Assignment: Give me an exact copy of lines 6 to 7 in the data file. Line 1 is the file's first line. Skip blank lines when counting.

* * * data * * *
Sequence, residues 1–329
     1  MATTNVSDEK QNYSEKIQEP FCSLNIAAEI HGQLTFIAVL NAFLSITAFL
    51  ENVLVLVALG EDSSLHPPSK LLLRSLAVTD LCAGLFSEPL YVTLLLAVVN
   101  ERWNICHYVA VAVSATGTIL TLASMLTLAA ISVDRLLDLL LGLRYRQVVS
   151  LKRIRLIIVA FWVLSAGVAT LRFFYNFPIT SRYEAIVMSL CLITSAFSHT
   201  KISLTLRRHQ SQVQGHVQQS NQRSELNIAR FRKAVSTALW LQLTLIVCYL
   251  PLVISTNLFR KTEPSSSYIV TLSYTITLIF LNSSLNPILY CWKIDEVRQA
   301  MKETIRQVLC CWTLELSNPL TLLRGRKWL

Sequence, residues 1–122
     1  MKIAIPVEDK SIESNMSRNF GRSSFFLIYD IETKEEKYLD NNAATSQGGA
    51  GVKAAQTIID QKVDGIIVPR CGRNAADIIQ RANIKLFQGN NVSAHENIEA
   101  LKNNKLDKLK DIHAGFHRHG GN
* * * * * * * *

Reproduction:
   201  KISLTLRRHQ SQVQGHVQQS NQRSELNIAR FRKAVSTALW LQLTLIVCYL
   251  PLVISTNLFR KTEPSSSYIV TLSYTITLIF LNSSLNPILY CWKIDEVRQA